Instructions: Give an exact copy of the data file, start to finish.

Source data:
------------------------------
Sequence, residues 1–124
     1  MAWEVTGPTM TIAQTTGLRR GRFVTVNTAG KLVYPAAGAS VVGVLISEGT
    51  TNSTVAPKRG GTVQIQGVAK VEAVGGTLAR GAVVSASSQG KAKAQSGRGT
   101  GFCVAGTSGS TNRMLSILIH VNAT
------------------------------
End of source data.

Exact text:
Sequence, residues 1–124
     1  MAWEVTGPTM TIAQTTGLRR GRFVTVNTAG KLVYPAAGAS VVGVLISEGT
    51  TNSTVAPKRG GTVQIQGVAK VEAVGGTLAR GAVVSASSQG KAKAQSGRGT
   101  GFCVAGTSGS TNRMLSILIH VNAT